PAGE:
First Sentence: They had rung the iron gong outside and it was still echoing, at first for real in the courtyard, and then, for a longer time, inside our heads.
Back of the book:
One morning, in the dead of winter, three German soldiers are dispatched into the frozen Polish countryside. They have been charged by their commanders to track down and bring back for execution ‘one of them’ – a Jew. Having flushed out the young man hiding in the woods, they decide to rest in an abandoned house before continuing their journey back to the camp. As they prepare food, they are joined by a passing Pole whose outspoken anti-Semitism adds tension to an already charged atmosphere. Before long, the group’s sympathies have splintered as they consider the moral implications of their murderous mission and confront their own consciences to ask themselves: should the Jew be offered food? And, having shared their meal, should he be taken back, or set free?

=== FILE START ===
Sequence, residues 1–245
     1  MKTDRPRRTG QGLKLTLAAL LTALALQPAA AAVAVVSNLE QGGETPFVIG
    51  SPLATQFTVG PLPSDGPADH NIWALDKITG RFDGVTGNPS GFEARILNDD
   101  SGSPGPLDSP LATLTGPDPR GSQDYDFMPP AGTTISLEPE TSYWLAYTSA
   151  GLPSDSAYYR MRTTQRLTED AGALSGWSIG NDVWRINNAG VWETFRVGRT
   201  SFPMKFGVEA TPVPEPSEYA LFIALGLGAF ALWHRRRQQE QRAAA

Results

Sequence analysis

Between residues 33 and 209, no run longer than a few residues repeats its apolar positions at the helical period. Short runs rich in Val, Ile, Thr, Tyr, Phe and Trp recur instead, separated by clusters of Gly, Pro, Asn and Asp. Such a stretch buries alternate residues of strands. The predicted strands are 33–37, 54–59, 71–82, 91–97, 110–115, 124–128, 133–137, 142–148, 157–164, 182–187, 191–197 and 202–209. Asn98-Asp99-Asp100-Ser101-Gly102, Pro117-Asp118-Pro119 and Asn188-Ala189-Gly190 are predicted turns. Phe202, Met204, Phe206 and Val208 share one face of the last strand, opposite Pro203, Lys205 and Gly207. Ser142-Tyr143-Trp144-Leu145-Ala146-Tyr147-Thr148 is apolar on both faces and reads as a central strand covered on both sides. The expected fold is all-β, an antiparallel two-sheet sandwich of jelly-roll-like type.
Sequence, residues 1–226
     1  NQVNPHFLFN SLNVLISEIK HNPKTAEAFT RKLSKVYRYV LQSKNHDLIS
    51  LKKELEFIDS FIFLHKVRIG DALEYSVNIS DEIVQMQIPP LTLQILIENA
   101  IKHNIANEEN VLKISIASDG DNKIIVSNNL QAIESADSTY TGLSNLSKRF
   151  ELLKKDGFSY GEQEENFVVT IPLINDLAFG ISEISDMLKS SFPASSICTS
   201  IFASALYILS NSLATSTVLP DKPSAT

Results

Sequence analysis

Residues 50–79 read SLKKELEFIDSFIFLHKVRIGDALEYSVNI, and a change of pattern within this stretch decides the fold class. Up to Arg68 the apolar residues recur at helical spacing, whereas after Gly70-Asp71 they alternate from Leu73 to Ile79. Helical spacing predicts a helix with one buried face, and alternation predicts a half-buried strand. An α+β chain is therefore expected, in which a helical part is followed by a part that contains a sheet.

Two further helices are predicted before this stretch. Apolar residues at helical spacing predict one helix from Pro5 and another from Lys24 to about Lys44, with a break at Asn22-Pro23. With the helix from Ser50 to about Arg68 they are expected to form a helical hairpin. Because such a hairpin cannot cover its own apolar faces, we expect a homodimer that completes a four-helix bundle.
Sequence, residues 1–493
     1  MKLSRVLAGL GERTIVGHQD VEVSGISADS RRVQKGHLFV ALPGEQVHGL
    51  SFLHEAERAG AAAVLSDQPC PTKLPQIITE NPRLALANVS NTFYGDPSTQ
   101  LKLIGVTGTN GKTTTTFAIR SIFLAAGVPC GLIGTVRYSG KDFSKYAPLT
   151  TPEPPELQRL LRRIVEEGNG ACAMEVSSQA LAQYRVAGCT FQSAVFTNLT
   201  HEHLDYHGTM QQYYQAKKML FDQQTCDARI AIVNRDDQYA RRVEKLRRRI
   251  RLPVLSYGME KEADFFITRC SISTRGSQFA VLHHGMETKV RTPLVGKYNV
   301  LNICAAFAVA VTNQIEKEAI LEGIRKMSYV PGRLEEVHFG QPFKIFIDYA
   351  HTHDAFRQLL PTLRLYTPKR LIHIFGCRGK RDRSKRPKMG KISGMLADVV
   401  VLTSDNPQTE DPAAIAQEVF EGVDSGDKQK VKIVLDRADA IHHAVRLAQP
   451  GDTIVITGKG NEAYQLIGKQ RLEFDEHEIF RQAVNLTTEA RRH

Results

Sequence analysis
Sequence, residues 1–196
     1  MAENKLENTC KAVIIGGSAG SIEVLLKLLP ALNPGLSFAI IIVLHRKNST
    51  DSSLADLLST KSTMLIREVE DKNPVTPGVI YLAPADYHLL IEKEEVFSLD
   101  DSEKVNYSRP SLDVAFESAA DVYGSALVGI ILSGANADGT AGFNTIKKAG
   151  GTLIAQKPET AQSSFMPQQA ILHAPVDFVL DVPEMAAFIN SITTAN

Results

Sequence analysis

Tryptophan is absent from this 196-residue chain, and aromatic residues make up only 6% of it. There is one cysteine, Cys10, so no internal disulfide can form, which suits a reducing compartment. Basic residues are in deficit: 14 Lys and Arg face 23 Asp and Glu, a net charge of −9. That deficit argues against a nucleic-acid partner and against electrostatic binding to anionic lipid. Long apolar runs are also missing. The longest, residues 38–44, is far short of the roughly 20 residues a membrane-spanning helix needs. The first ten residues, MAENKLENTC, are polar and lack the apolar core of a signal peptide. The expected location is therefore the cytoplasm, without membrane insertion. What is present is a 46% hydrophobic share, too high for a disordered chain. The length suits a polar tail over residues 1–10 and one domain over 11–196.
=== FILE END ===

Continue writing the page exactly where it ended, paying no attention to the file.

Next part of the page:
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Last Sentence: I couldn’t remember a whole prayer but I did what I could with those remnants.